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In brief: Cisco issues patch for Aironet hole

Dec 08, 20035 mins

Plus: New group to tackle patch management; IBM submits draft security language to W3C; IDC says IT spending to increase; Diebold won’t go after those who post documents on its flaws; Homeland Security warns of government regulation of high tech.

Cisco is warning customers using its Aironet wireless access points about a security vulnerability that could let attackers obtain keys used to secure communications on wireless networks.

The vulnerability affects Aironet 1100, 1200 and 1400 series access points and could let Wired Equivalent Privacy keys be sent as plain text over corporate networks that use an SNMP server and have a specific option enabled on the access point, Cisco says.

To be vulnerable, organizations have to be using an affected Aironet model with the IOS software, have an SNMP server deployed, be using static WEP keys for encryption and have enabled an option on the access point called “snmp-server enable traps wlan-wep.” That option is disabled by default on Aironet access points, Cisco says. Cisco has issued a patch for vulnerable versions of the IOS software, 12.2(13)JA1.

Patching is such a headache these days that a number of security experts have gotten together to form, a support group where network managers, systems administrators and security professionals can discuss all things patching. The discussion list will focus on operating systems, applications and network devices.

The moderators will include Eric Schultze, chief security architect for Shavlik Technologies and former program manager for the Microsoft Security Response Center; Tina Bird, a member of the Information Security team at Stanford University; Jason Chan, principal security architect for @stake; and Ben Laurie, director of the Apache Software Foundation. 

IBM has submitted a draft of its Enterprise Privacy Authorization Language to the World Wide Web Consortium to develop. IBM is turning EPAL over to the W3C in the hope that it will be turned into a standard that will help automate privacy management tasks, improve consumer trust and reduce the cost of privacy compliance, the company said.

EPAL is a programming language based on XML that will let software developers build security policy enforcement features directly into enterprise software applications. Using EPAL, personal data could have policies attached to it as it moves from application to application within a company. IBM introduced EPAL in July as a way to move beyond user identity-based security.

The standard builds upon existing privacy specifications such as the Platform for Privacy Preferences, which the W3C released in April 2002. The W3C said the organization was “pleased to receive the EPAL Submission” from IBM.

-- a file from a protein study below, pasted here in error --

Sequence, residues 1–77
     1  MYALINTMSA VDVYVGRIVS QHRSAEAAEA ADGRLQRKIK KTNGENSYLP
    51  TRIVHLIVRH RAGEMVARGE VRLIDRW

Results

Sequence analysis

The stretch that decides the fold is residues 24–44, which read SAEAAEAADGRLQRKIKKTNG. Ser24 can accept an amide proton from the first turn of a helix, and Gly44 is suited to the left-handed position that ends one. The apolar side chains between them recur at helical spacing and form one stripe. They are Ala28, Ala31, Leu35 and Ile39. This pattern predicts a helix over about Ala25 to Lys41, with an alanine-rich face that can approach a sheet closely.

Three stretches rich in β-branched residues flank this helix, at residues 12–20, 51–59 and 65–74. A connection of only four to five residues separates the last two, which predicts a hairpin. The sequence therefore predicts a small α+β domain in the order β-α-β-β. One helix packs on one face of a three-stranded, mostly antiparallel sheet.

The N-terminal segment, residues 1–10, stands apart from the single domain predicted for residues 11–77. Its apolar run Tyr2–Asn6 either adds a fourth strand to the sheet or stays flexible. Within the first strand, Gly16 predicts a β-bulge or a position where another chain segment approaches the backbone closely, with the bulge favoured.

IDC last week announced its annual IT predictions for the coming year, and according to the research firm’s worldwide analysis, spending will increase and infrastructure will evolve to better support business-driven initiatives. IDC Senior Vice President Frank Gens said IT spending would grow 6% to 8%, up from previous predictions of just less than 5%.

Gens said enterprise adoption of business-oriented applications and the need to upgrade hardware after a three-year drought would drive the upturn in IT buying. “We could be in for a refresh of 3-year-old or older IT infrastructure in 2004,” he said. “IT organizations have been sitting on their hands for years, but this optimism certainly is fragile considering the last few years.” Radio frequency identification also will see slower growth than previously expected, IDC says.

In a move hailed as a victory for free speech advocates, Diebold Election Systems said last week that it wouldn’t follow up on its threats to sue those who published information that indicated flaws in the company’s electronic voting machines. Diebold declined to give specific reasons for dropping the legal threats.

The dispute between Diebold and various voter rights activists arose after a hacker broke into a Diebold Web server in March and was able to access information concerning issues with Diebold election equipment. The documents indicated flaws in the touch-screen voting machines and irregularities with certifying the machines for actual elections were leaked to the press in August. Diebold used the controversial Digital Millennium Copyright Act of 1998 to pressure universities and ISPs to take down the copies of its internal information.

Top officials from the U.S. Department of Homeland Security last week warned members of the high-tech industry that unless they took concrete steps toward cybersecurity, their industry could face government regulation. “It should go without saying that the continued success of protecting our cyberspace depends on the continued investment of each of you and the businesses you represent,” said Homeland Security Secretary Tom Ridge, addressing the National Cyber Security Summit.

The Department’s Assistant Secretary for Infrastructure Protection Bob Liscouski was more direct on the need for industry self-regulation: “You’ve got to help us tell that story, because if we can’t tell that story, there are a lot of people willing to legislate how you should be doing that work.”